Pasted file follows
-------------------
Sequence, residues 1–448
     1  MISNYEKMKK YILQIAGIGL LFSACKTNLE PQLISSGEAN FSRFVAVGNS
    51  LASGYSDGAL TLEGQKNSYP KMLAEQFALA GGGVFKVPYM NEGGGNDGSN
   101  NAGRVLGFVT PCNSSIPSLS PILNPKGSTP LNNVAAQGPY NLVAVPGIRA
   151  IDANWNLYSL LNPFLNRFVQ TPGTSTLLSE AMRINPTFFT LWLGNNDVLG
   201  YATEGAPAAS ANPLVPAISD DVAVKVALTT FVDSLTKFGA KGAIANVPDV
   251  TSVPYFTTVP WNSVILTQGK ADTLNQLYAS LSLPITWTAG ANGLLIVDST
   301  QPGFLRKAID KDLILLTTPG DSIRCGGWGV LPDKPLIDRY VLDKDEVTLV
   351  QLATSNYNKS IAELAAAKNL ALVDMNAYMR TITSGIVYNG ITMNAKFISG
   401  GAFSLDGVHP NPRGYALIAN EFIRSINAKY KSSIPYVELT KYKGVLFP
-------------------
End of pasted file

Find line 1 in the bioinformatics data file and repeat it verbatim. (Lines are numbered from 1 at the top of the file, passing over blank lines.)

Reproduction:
Sequence, residues 1–448